Google Australia held a photowalk over the weekend to help promote Google+ and while some may be sceptical of what a few photographers can do, it was actually a pretty smart move by the company to encourage people to populate its network with content.
commentary Google Australia held a photowalk over the weekend to help promote Google+ and while some may be sceptical of what a few photographers can do, it was actually a pretty smart move by the company to encourage people to populate its network with content.
Google Australia employees who joined the photowalk (Credit: Michael Lee/ZDNet Australia)
A photowalk is a fairly simple yet fun idea on paper: get together with a group of photographers, take a walk while they take some pictures, and maybe enjoy some nibbles at the end.
As it turned out, keeping it simple did the trick: it was actually a pretty ingenious way for Google to raise the profile of its social networking site, which, for me at least, was a bit of a ghost town.
Leading up to the event, Google didn't do a huge amount of promotion. It popped up through Google+, which in turn spread out to Twitter and Facebook. But that also meant that most attendees would be those who already read and shared content and ultimately were responsible for it going viral: the early adopters and the technologically savvy.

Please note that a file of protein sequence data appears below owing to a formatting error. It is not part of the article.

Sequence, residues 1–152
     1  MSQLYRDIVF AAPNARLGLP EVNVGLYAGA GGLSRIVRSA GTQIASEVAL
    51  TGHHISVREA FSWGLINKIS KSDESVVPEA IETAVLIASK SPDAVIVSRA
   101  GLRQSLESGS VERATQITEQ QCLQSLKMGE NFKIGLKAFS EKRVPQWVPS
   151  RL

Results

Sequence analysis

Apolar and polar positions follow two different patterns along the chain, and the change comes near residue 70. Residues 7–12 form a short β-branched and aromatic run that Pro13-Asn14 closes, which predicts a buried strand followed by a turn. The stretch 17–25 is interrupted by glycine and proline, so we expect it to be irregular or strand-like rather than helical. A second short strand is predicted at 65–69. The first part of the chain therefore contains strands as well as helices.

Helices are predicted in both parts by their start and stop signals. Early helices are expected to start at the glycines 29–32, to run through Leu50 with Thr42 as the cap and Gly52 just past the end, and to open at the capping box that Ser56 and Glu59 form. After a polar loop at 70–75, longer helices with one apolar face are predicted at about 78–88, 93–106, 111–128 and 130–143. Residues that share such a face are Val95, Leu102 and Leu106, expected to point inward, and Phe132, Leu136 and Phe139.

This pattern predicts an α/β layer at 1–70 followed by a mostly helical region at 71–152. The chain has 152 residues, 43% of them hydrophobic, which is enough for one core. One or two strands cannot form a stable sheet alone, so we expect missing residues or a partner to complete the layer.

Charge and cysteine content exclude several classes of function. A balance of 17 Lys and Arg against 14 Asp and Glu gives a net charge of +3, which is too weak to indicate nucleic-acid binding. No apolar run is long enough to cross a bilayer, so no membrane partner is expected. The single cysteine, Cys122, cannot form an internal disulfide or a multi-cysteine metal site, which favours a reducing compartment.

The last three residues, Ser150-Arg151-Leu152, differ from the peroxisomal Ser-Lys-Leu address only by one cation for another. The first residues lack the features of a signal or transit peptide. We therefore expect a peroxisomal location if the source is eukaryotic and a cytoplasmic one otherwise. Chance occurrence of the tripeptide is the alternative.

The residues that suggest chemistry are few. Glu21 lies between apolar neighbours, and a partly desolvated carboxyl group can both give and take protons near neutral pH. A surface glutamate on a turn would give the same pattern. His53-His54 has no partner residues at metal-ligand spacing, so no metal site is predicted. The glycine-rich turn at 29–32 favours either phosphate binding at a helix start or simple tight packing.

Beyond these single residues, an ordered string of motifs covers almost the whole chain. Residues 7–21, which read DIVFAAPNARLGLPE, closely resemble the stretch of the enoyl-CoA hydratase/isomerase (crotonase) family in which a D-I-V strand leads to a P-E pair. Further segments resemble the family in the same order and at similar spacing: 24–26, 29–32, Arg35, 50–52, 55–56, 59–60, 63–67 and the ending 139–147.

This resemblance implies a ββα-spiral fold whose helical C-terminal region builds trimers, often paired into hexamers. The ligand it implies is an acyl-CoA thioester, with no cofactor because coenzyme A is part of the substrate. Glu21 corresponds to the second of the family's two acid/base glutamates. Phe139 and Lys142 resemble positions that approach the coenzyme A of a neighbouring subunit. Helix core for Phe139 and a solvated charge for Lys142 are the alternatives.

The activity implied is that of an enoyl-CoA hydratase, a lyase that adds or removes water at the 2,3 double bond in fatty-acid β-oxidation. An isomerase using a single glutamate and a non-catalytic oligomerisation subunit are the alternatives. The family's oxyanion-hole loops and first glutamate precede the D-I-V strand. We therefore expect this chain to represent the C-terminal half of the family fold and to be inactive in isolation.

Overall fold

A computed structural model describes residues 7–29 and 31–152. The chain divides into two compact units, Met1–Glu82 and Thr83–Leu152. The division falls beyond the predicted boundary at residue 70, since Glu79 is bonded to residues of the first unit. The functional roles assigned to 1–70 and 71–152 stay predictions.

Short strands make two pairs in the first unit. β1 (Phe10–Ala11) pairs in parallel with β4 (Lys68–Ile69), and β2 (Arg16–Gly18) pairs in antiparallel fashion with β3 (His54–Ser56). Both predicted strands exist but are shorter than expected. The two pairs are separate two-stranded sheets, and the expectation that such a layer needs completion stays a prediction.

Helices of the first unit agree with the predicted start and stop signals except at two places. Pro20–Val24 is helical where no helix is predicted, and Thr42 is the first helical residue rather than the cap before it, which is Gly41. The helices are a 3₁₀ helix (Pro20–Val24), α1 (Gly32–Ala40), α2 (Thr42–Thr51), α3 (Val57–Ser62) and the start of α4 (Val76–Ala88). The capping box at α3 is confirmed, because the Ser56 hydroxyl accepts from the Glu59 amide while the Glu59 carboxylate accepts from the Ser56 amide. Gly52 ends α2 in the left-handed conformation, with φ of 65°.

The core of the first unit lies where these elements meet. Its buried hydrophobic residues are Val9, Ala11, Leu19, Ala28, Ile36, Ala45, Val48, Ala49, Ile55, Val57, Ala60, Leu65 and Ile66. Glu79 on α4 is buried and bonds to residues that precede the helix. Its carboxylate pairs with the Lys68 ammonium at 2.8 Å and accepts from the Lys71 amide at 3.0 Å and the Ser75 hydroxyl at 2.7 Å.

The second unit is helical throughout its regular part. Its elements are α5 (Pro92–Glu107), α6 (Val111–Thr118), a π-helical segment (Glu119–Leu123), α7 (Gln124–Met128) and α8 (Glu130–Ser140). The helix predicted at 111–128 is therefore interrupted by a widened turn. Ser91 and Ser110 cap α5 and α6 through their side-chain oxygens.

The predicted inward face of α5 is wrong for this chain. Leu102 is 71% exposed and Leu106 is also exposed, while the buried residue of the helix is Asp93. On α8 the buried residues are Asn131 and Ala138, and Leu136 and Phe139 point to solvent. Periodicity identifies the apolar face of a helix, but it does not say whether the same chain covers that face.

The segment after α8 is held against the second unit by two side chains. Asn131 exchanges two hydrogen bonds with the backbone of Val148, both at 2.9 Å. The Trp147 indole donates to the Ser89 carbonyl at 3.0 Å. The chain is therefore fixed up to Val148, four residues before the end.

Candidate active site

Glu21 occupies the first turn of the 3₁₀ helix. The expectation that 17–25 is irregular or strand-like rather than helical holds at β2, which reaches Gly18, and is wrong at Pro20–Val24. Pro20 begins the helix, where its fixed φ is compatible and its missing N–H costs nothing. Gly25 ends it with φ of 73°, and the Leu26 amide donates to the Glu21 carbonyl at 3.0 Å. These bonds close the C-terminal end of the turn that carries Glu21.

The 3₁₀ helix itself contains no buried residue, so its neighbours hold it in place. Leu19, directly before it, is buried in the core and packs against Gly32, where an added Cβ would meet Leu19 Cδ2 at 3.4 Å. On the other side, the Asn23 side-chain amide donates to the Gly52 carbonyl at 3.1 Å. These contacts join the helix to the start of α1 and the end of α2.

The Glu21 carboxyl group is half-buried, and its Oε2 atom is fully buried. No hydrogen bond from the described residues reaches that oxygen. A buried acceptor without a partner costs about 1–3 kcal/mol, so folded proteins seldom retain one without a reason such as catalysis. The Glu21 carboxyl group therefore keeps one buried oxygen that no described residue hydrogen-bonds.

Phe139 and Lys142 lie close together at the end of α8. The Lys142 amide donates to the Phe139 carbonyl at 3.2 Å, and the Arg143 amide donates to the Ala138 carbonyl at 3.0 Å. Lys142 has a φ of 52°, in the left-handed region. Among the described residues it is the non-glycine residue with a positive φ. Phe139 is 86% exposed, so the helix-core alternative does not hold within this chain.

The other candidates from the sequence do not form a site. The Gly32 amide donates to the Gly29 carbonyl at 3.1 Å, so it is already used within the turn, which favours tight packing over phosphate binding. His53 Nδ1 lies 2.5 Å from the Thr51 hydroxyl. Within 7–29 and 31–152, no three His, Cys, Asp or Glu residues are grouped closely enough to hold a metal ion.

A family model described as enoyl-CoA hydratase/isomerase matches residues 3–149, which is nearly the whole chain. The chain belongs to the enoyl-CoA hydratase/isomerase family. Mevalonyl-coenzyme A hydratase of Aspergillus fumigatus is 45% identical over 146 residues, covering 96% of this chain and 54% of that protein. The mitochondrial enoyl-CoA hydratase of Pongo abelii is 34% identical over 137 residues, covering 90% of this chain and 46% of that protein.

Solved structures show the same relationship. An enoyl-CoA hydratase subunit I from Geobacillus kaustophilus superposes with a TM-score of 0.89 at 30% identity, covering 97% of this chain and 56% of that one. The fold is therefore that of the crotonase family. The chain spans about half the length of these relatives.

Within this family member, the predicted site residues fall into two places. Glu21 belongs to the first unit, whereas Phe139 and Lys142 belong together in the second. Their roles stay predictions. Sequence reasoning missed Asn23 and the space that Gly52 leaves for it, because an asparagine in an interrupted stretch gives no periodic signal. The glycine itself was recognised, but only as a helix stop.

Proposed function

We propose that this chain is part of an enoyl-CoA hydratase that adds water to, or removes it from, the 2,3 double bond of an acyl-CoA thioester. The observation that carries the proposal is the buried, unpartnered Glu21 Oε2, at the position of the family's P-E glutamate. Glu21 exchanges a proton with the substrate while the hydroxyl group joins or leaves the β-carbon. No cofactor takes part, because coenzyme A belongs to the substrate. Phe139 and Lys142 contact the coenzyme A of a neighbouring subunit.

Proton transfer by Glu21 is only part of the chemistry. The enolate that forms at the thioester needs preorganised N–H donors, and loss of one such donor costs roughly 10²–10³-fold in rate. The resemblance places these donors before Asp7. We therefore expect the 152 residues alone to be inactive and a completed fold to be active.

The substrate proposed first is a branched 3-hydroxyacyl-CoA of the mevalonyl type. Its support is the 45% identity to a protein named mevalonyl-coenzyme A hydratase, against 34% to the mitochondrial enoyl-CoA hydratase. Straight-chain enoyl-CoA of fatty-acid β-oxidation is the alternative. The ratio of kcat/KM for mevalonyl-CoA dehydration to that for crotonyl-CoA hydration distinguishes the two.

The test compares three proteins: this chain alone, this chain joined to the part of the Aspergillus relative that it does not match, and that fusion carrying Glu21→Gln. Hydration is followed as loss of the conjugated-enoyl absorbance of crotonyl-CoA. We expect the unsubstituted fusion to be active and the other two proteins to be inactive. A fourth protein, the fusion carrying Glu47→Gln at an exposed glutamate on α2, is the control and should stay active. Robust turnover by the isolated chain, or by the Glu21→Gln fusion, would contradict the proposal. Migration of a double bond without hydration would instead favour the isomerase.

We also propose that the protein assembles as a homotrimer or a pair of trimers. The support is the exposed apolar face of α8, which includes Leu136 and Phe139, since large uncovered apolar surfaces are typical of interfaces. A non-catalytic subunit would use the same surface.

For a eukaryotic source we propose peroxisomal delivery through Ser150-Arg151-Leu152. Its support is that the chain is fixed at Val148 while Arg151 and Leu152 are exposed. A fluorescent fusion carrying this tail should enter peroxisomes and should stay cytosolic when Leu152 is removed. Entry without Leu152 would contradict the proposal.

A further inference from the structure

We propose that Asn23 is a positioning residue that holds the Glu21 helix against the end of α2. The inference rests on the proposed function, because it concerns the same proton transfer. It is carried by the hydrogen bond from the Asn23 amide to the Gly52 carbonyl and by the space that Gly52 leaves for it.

Shortly after, attendees that registered had their profiles added to a circle and shared. This was the lock-in point that would cement Google+ as the platform around which people would gather. Why would you go to Flickr or Facebook to find people you already knew were on Google+ and organised already?
But who were these people? Aside from content sharers, they were content creators. Photographers that post often, and look at and comment on others' photographs. Best of all, most of them didn't know each other. So when the group of over 150 met each other in Hyde Park and began to create relationships, where were they going to go after that? To Facebook? To Twitter?
The majority would stay on Google+ because that's where their new-found friends were. That's where all the photos were. Whether they liked it or not, the content and their relationships would be, to borrow an idea from The Social Network, exclusive.
And what would they say? They would talk about the huge turnout, the Google+ camera straps, the two free t-shirts Google gave them and the first 60 that had their Google+ profile link on the back of them in the form of a QR code. They would post their photos, comment on others and talk about the next big photowalk they would hold, never mind the free food and beer that Google had provided. How many would tell their friends? How many friends would jump on to the network in order to attend the next event?
At this point, those 150 or so photographers have made a social investment, and they're probably finding they like it when their network actually has active people in it — I know I do now.
What was once a quiet and empty network has become filled with content and because of that, it's been getting harder and harder to stop checking with ever-increasing frequency. Before you know it, it becomes an addiction. And it started out so simply.